Entrepreneurially, she told me that she’s been inspired by Ben Francis, Founder of Gymshark. His passion for what he does and the brand he’s built are what drive and inspire her every day. She laughed while telling me, “I watch his YouTube videos when I’m free and I’m his fangirl in a way.” Continuing on her entrepreneurial journey, Mahima hired her first intern recently. She talked about how she was doing practically everything for The Funky Bunny until her intern came along and how she’s trying her best to be a ‘cool’ leader instead of a proper boss in the true sense of the word.
Mahima Lahrani, the creative mitochondria of The Funky Bunny
“I have worked with mean bosses and I don’t want to be like that. I don’t want people to stress when they’re working for me. I want it to be something they enjoy doing,” Mahima said. “I’m very lucky that I don’t have to manage my household finances so I can experiment and fail with what I’m doing. So I want to enjoy this process and make it enjoyable for everyone around me too.”
Mahima reinforced the fact that she enjoys having multiple things to do at any point in time so she tries not to let it become a stressful process for her either.
Speaking about her plans with The Funky Bunny, she is interested in taking the brand international and her ultimate goal is to provide her customers with “Everything you find on a table, it could be a dressing table, study table or work table,” she said. “I started with marquee lights, and washi tapes recently and bookmarks are in the works too. Just everything that can make your space prettier. I think with the lockdown the need for aesthetic spaces around us has increased, so I want to cater to that.”
Coming to her own IKIGAI next, Mahima talked about how The Funky Bunny ties in with her purpose in life. “I have always been this funky outgoing person, I always think out of the box, I like to break rules and do something that may not always be the norm for someone my age,” she said. “I think my purpose is to do something that nobody else is doing and with The Funky Bunny, that’s exactly what I get to do. A lot of my friends are doing jobs they don’t like and they are accepting their fate as it is but I refuse to do that.”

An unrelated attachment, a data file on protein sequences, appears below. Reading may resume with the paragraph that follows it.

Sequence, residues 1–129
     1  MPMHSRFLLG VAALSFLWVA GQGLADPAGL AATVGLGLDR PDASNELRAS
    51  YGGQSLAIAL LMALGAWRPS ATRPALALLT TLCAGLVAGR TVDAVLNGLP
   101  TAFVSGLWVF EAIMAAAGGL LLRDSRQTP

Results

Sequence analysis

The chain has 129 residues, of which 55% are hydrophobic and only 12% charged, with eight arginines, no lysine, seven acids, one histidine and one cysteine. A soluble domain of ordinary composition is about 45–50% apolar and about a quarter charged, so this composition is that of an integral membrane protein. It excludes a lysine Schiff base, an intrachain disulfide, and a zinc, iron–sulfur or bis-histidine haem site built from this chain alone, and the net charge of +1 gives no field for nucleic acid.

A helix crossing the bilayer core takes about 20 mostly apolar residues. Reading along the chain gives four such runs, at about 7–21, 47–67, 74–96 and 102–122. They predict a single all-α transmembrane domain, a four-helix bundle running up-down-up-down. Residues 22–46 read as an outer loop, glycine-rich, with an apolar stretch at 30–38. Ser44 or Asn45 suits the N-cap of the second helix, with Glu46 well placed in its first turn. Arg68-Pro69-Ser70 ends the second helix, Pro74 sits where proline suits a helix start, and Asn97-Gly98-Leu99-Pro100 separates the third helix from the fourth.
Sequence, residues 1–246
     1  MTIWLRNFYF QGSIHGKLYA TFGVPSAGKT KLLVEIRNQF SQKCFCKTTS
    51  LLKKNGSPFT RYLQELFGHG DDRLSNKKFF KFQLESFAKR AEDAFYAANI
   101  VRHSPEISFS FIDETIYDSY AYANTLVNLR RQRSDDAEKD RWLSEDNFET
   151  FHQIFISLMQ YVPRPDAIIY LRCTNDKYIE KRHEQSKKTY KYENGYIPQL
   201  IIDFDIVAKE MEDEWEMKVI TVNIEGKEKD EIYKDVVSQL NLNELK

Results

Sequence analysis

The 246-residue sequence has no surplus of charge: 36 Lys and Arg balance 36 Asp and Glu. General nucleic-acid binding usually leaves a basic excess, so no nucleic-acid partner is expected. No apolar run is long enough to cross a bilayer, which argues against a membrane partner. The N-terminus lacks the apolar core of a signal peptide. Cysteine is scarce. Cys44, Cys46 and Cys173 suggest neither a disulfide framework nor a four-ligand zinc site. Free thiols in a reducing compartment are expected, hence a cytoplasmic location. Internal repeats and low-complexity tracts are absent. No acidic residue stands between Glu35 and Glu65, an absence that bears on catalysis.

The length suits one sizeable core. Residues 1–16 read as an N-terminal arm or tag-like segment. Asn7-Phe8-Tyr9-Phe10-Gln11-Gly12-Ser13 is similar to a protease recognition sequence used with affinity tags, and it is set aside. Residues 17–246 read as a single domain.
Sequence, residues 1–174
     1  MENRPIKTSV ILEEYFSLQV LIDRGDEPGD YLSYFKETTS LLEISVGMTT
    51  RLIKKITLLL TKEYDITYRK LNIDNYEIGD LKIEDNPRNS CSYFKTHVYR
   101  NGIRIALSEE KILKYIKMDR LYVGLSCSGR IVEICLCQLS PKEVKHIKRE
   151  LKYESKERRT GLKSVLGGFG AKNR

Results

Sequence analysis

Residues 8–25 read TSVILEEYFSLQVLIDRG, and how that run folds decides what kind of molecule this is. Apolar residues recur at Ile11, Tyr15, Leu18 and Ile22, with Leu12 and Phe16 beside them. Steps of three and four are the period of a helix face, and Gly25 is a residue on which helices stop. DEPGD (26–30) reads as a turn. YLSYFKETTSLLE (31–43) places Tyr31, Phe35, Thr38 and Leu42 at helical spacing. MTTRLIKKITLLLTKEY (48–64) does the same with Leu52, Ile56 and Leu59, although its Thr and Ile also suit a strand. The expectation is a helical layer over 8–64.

Mahima then went on to elaborate on how her favourite aspect of working on The Funky Bunny has been the amount of stuff she has learned on the job. From being a delivery person to the only one packaging dozens of orders, she’s truly seen (and done) it all.
When asked about her feelings about being a female entrepreneur in a landscape like the Indian ecosystem, she recounted how she used to take her father along with her to meet vendors so that potential clients would take her seriously.
“Start small, grow gradually. Be passionate about what you do and grow your product or business like it’s your baby,” Mahima said when asked about advice she would give to other aspiring entrepreneurs. “I also think people are too mean sometimes. With the way they talk and behave with customers and clients, it doesn’t always have to be a super formal relationship, and building a good and deep connection would go a long way, in my opinion.”
With a clear focus on being driven by passion and her love for the brand she’s growing, Mahima Lahrani’s IKIGAI truly shines through the work she does and the way she talks about it too.
If you enjoyed this chat, use code ARUSHI10 on The Funky Bunny to avail yourself of a 10% discount on whatever you shop for!